Grade: Pre-School
Subject: Science

#804. bears/hibernation

Science, level: Pre-School
Posted Fri Jan 15 18:22:54 PST 1999 by Steven Adelman (
kingsborough community college, brooklyn,ny
Materials Required: listed
Activity Time: varies with class size/2-4 children per group
Concepts Taught: cooperation,color mixing,nature,winter,.....

Goal: To expose the children to the hibernation process of bears through the making of a bear's cave.

Objectives: To expose the children to the reasons bears hibernate. (Lack of food sources)

To expose the children to what bears eat. (most eat nuts,fruit,berries,plants,insects,honey,fish. . .)

To expose the children to the hibernation process. (storing fat, heart rate, body temperature)

To tie in the teachers theme of winter.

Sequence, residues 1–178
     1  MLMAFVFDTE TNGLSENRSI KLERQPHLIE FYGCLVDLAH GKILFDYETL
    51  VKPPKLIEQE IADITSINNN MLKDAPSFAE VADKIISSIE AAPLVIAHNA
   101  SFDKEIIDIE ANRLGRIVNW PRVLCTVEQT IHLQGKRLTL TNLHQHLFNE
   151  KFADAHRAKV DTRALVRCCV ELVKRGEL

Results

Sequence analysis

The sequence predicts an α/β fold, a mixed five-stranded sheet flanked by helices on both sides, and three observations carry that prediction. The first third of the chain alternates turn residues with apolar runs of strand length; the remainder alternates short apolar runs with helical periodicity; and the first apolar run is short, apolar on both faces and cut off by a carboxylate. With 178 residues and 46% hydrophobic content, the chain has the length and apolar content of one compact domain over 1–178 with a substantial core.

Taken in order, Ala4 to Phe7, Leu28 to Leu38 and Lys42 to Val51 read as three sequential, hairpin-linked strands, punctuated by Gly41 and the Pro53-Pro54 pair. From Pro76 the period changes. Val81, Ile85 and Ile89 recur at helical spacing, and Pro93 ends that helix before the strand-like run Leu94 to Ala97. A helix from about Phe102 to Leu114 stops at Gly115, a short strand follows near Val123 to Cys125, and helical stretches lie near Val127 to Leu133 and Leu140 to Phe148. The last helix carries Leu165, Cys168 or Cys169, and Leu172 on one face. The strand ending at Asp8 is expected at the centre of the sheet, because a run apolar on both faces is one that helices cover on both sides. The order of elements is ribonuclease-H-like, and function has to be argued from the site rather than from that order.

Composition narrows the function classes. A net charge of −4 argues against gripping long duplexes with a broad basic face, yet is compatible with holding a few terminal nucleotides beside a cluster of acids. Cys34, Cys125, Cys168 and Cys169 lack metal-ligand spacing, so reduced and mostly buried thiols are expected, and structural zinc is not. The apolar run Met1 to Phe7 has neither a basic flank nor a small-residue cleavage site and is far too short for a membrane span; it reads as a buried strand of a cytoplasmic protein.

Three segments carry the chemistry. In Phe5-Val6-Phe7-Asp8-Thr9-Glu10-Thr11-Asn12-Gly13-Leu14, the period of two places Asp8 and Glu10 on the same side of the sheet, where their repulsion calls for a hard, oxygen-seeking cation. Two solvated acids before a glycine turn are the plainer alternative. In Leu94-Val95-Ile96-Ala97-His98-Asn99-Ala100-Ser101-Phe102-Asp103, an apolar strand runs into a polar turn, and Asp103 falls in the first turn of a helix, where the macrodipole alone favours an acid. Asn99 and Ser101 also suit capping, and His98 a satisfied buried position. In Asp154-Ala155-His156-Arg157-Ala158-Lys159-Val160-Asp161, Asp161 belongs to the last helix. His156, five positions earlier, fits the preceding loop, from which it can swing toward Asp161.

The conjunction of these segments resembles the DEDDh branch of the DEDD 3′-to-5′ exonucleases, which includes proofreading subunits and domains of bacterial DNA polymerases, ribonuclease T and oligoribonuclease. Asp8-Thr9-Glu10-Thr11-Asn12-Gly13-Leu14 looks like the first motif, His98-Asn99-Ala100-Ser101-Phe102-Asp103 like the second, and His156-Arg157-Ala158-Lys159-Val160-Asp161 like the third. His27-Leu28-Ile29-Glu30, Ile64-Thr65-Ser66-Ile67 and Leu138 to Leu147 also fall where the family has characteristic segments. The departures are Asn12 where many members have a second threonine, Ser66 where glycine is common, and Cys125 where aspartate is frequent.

To allow children to work cooperatively in making a class bears cave.

Materials: Newspaper, tape, ecto-knife, sponges, soap, paper towels, smocks, paints, containers for paint, paint

brushes, paint rollers, washing machine box, chart paper, magic markers, cameras, "Time to sleep" by

Denise Fleming.

Motivation: Engage the children in conversation on what they already know about bears.

Procedure: Teacher will assign children in groups on a rotating basis so all children who want, can participate.

Motivation. Things we do for the cold winter season.

Discussion on hibernation.

Children will prepare themselves for painting. (adorn smocks)

Allow children to paint.

Allow children to clean up.

Repeat with new group of children.

Leading questions: What are some of the ways you know it is winter?

What are some of the things you do for winter?

Where does the snow fall?

If the snow covers their food, what can bears do?

Why do you think bears are fat?

What do bears do during the winter?

What's a big word we use to mean sleep for a long time?

Why do you think bears hibernate for the winter?

Follow-up: Dramatic play using the bears cave.

(Do not limit the colors used for the cave to only brown or what you think a cave looks like. Allow the children to be creative. The children I worked with created a Monet look alike)